House of Commons Hansard #135 of the 37th Parliament, 2nd Session. (The original version is on Parliament's site.) The word of the day was security.

Topics

Citizenship and Immigration
Oral Question Period

2:30 p.m.

Canadian Alliance

Diane Ablonczy Calgary—Nose Hill, AB

Yes, Mr. Speaker, the minister's hand-picked experts.

The minister's own department is full of problems. He was caught red-handed by the courts misleading Parliament about his visa backlog. Seven billion dollars would also buy a lot of widows' pensions, health care, education, disaster relief and military equipment.

With all of those needs, why is the minister asking to waste $7 billion on his biometric boondoggle?

Citizenship and Immigration
Oral Question Period

2:30 p.m.

Bourassa
Québec

Liberal

Denis Coderre Minister of Citizenship and Immigration

Mr. Speaker, it is always a bit sad when people resort to personal attacks because they lack arguments.

I will give some figures, if that is what is wanted. Let us talk about the maple leaf card, the permanent resident card. The forecast total net cost for two million of these is $22.9 million.

It is all very well to bandy figures around, to talk of billions and billions, but what is essential and important for our society, since this is being done in the rest of the world at this time, is to hold a decent and factually accurate debate and determine what Canada's role will be in this era of biometrics.

Foreign Affairs
Oral Question Period

October 7th, 2003 / 2:30 p.m.

Bloc

Francine Lalonde Mercier, QC

Mr. Speaker, the Solicitor General refuses to clarify whether the RCMP did indeed provide information to the Americans that could have led to Mr. Arar's deportation to Syria. Yet the Americans themselves, at the highest level, have not hesitated in saying that they acted on Canadian information.

Can the Solicitor General tell me, yes or no, whether the RCMP provided the Americans with information on Mr. Arar?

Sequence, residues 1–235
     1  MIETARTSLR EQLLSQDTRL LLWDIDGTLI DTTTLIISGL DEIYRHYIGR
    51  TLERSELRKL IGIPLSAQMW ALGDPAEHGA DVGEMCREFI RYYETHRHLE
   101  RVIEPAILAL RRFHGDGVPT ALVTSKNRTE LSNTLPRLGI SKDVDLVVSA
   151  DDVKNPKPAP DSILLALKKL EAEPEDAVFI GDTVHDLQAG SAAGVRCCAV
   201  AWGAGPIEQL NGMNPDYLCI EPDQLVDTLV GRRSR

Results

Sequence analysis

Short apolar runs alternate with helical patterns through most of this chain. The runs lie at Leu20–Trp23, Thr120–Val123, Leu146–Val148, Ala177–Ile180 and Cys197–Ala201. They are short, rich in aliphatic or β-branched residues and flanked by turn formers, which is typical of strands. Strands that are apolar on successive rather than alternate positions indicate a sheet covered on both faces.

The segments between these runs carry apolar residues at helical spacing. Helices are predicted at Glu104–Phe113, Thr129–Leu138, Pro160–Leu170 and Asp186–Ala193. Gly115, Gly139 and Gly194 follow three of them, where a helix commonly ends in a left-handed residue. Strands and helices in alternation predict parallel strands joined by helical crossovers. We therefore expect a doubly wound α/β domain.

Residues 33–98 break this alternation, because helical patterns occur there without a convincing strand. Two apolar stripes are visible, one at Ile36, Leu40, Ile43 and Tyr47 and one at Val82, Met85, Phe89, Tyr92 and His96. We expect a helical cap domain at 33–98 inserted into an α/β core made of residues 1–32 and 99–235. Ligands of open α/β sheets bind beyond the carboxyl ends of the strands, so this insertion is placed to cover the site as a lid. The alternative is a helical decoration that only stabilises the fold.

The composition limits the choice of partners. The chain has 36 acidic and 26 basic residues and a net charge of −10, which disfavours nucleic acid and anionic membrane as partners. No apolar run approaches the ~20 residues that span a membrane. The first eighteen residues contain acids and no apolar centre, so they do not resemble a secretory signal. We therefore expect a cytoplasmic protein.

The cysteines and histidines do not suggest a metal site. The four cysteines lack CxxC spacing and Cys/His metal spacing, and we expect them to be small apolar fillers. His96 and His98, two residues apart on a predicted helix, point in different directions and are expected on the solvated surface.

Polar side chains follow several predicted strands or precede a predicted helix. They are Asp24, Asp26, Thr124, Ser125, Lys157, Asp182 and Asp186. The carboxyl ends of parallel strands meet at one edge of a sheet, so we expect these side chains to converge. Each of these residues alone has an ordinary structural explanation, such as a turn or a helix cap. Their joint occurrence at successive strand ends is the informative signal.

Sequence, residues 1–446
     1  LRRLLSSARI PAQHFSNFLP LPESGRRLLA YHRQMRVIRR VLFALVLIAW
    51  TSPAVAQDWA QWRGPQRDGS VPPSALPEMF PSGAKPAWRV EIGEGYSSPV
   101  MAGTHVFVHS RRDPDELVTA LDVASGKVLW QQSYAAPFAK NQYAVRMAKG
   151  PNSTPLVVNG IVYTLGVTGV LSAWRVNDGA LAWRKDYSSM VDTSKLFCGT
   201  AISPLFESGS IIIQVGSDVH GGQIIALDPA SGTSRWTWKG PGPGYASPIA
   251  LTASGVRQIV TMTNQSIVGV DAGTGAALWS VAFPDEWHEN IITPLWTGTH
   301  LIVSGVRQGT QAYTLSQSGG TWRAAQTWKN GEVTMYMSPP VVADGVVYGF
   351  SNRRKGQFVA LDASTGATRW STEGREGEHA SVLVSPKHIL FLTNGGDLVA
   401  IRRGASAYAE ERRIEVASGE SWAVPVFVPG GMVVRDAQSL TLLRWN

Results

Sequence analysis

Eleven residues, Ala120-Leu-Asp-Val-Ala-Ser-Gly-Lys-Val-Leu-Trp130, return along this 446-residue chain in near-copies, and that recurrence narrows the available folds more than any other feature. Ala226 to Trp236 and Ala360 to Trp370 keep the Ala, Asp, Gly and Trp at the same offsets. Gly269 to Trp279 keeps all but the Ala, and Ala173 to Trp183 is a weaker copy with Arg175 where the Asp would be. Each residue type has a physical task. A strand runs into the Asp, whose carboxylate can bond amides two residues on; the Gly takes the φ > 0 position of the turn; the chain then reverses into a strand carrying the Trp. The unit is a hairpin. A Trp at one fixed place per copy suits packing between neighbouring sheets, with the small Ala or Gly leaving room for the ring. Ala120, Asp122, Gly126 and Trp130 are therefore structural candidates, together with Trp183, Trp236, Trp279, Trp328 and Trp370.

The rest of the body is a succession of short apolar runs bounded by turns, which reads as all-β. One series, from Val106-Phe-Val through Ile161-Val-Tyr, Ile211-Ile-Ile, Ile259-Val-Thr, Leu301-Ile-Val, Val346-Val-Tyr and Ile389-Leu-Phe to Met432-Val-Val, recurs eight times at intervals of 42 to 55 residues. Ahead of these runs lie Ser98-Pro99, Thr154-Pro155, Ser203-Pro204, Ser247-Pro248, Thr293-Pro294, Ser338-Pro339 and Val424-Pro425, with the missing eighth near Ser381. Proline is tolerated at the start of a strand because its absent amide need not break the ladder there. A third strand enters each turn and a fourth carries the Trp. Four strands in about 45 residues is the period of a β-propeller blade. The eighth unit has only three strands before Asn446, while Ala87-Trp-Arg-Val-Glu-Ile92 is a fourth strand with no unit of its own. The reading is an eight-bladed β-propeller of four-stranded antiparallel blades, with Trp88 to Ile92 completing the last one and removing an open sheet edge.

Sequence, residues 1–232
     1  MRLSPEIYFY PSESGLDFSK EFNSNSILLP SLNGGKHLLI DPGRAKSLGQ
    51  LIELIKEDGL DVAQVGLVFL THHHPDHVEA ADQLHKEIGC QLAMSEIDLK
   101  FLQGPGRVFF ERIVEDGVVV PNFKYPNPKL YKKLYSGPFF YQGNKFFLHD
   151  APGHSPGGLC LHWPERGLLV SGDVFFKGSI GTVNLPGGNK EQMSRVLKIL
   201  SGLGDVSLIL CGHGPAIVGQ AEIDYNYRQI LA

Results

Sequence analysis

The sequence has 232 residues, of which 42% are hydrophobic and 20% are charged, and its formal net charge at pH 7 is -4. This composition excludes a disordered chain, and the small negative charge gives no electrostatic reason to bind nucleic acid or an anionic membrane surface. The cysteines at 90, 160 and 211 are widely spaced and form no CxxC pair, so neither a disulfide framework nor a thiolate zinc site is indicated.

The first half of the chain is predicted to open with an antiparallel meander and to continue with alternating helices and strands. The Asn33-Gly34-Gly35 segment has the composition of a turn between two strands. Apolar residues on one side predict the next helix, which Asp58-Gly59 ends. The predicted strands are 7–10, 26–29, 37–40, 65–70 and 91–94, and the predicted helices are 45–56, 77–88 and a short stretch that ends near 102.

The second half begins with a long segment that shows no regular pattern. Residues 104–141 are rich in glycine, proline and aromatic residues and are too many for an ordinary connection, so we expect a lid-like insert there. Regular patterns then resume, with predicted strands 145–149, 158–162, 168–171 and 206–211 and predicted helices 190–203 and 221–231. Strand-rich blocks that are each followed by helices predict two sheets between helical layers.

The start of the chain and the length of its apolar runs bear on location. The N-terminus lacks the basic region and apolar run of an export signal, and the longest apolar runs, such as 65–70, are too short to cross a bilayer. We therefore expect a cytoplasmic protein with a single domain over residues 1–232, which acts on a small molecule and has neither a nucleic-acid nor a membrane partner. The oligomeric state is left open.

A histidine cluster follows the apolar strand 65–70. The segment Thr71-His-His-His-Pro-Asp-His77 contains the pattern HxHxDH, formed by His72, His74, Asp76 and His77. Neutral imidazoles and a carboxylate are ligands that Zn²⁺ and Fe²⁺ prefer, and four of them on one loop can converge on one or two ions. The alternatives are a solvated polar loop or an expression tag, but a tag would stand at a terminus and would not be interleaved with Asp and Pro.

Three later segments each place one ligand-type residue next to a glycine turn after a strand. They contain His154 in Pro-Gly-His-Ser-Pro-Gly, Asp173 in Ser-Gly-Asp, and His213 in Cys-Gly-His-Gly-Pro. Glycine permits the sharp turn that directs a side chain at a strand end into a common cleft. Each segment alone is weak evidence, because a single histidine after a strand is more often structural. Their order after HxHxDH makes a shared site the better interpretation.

Foreign Affairs
Oral Question Period

2:35 p.m.

Malpeque
P.E.I.

Liberal

Wayne Easter Solicitor General of Canada

Mr. Speaker, the member opposite might not like the facts but I just spent an hour before the foreign affairs committee, at which the member was there, and I, in fact, answered those questions.

I have been assured by the commissioner that the RCMP was not involved in the decision by the Americans to arrest and deport Mr. Arar. Those are the facts. Whether the hon. member likes those facts or not, those are the facts.

Foreign Affairs
Oral Question Period

2:35 p.m.

Bloc

Francine Lalonde Mercier, QC

Mr. Speaker, the Solicitor General has never said that the RCMP did not pass on information. That is not the same thing.

CINAR, Radwanski, sponsorships, all of these are in the hands of the RCMP. There is no longer any way of getting information here in this Parliament. The government refuses to speak. This is why the Arar case requires a public inquiry in order to exonerate this citizen whose rights have been trampled on and whose very life was put in danger.

Is this country being run by the RCMP?

Foreign Affairs
Oral Question Period

2:35 p.m.

Malpeque
P.E.I.

Liberal

Wayne Easter Solicitor General of Canada

Mr. Speaker, as I said before the committee this morning, the RCMP operated within its mandate and within the laws of the country.

I can tell members that the government, as a whole, worked strenuously to ensure that Mr. Arar was returned to Canada. He is back and we certainly are pleased to see him back in this country.

Border Security
Oral Question Period

2:35 p.m.

Canadian Alliance

Rahim Jaffer Edmonton—Strathcona, AB

Mr. Speaker, yesterday we learned that the Liberals had removed immigration officers from the Thousand Islands border crossing from midnight to 8 a.m. We now have an email from the eastern director for immigration stating that it was to allow people into the country on the honour system with the understanding that they would return the next business day.

How can the minister possibly justify reducing our border security to an honour system? Does he not know that the bad guys will not respect the honour system?

Border Security
Oral Question Period

2:35 p.m.

Bourassa
Québec

Liberal

Denis Coderre Minister of Citizenship and Immigration

Mr. Speaker, I thank the hon. member for his question. His colleague asked the same thing yesterday, and I said I would look into it.